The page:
3Rivers Blog

Smart phone theft: The latest trend in crime

Posted on Friday, March 7, 2014

The Federal Communication Commission recently reported on a new trend in crime; stating that one in three robberies involve the theft of a smart phone. The reason is simple… smart phones are small and easy to conceal, are carried by about half of the population, and have high resale values. The spread of online resale sites like Craigslist have also made it easier for thieves to sell stolen hardware while the booming second-hand market makes it difficult for consumers to distinguish between legitimate resellers and criminals who are trying to move stolen property.

Smart Phone Theft | Image source: Shutterstock.com / Photographer: patpitchaya

It's not just a domestic market either. According to Businessweek, a new iPhone will net more $1,000 in Italy or Brazil. This international trade makes it very easy for criminal elements, like drug cartels and terrorist organizations, to reap tremendous profits from so-called “Apple Picking.” Even a generation-old smart phone could sell for as much as $400 internationally, making for a lucrative source of funding for criminal organizations.

While not as common, some thieves use the access to personal data on a stolen phone to commit identity theft. If you have your credit card number stored in the iTunes, Google Marketplace, or other mobile app stores, that information can be accessed by to commit credit card fraud or other crimes.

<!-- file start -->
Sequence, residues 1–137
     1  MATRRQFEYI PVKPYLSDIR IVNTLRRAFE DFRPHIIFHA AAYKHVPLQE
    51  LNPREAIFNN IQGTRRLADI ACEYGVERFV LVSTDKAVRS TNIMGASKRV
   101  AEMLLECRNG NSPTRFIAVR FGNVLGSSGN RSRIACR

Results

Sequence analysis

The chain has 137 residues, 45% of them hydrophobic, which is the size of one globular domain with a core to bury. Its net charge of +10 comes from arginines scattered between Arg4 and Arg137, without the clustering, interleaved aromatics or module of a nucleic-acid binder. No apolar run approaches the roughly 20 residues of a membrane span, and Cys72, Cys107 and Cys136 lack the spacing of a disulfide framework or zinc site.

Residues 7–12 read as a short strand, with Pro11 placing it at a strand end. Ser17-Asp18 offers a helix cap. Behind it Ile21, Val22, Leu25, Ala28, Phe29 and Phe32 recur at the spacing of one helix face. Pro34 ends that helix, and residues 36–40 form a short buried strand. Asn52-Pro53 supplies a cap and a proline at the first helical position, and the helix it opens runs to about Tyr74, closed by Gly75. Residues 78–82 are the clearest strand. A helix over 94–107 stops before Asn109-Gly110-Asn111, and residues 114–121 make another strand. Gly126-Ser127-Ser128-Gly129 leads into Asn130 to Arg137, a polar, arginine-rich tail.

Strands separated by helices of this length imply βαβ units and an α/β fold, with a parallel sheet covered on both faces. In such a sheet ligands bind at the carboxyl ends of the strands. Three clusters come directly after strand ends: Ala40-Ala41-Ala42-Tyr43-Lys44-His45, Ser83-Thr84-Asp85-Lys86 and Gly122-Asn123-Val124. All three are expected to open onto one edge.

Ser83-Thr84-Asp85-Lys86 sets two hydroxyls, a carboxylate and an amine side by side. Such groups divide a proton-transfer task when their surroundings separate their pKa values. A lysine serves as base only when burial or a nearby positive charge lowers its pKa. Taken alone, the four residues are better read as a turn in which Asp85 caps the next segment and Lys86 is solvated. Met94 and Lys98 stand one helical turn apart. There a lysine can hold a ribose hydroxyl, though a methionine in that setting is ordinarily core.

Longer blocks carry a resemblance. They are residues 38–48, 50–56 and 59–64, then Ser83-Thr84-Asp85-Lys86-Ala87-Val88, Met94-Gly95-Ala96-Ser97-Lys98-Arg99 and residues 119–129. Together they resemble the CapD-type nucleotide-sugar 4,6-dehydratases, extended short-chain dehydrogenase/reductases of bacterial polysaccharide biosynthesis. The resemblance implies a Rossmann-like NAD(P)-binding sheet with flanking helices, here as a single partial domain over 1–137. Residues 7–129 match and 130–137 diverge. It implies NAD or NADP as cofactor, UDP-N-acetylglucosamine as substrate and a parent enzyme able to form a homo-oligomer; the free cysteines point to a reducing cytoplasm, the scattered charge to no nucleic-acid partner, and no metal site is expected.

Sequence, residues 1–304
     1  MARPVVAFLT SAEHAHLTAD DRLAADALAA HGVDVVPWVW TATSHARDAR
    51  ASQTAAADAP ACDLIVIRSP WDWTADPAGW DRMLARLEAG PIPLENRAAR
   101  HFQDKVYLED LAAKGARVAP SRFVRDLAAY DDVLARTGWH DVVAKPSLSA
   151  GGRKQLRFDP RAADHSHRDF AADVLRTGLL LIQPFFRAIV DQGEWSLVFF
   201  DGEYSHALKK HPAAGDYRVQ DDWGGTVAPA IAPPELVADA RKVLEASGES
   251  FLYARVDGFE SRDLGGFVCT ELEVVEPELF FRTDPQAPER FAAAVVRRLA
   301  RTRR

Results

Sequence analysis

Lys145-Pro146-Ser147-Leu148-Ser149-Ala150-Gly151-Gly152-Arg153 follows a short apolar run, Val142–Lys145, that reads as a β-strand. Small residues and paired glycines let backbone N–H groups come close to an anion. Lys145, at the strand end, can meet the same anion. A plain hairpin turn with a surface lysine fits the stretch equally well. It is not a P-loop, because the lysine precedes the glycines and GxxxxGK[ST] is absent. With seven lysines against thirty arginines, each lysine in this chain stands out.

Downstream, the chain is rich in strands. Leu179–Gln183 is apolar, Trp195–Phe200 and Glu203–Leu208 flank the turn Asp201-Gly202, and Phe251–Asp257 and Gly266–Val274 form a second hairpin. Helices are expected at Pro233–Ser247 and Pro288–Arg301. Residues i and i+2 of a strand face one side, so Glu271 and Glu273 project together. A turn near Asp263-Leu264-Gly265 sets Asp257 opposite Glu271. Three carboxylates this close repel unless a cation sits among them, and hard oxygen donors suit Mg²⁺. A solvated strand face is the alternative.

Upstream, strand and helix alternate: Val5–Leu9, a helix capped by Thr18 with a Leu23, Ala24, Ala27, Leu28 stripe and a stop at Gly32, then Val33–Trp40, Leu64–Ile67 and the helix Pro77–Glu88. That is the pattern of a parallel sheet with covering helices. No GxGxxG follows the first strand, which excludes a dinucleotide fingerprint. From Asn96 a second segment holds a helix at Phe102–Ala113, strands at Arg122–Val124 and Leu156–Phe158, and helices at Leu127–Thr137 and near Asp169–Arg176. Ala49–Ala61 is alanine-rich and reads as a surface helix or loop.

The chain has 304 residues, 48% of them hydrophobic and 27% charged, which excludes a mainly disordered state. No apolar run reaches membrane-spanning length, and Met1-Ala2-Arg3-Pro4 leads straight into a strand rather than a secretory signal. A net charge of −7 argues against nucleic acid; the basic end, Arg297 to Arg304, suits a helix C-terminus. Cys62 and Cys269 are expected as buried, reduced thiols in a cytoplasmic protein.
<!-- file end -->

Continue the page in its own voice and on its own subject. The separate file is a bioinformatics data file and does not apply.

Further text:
This new trend doesn't just threaten your property; it may even threaten your life. Last year, a 26-year old Korean immigrant who was working as a cook in an upper-end Manhattan restaurant, was shot after refusing to hand over his smart phone. He died on the sidewalk with the signature white ear buds of his iPhone still in his ears. Police apprehended the suspect by responding to a Craigslist ad offering to sell the phone for $400.

Several U.S. Senators have proposed a national “kill switch” program that would require every smart phone in the U.S. to come equipped with a remote function to wipe all data and permanently deactivate the device. The rationale is that, if the user can destroy the functionality of the device, the tremendous profit that’s available in stolen cell phones will dry up. Major smart phone distributors insist that installation of this protocol would require new hardware and therefore require a costly and significant change in manufacturing practices.

While the fate of the legislation is still pending, it represents only one of the possible solutions to the epidemic of smart phone theft. Here are a few steps you can take to protect yourself against this kind of crime:

  • Don't use the stock headphones that come with the phone. These are easily recognizable to potential thieves, which helps them quickly identify you as a target. Get a small, discrete set of ear buds instead.
  • Don't use your phone in areas where you're uncertain of your safety. Keep it in your bag or pocket while you’re on the bus, while walking at night, etc.
  • Check with your cell-phone carrier about insurance for your phone. You can often get replacement technology if your phone is stolen or destroyed. This knowledge can help keep you from losing more than your phone in a violent crime.
  • Know how to de-link your accounts from your phone. Whether from a computer, phone, or by visiting your carrier's store, you should be able to get your personal information off a device remotely. Being able to do this quickly can help minimize your losses.

As always, practice good judgment and safe thinking. Be conscious of your surroundings and avoid situations that seem risky. Take a few sensible precautions, so you don't become a statistic.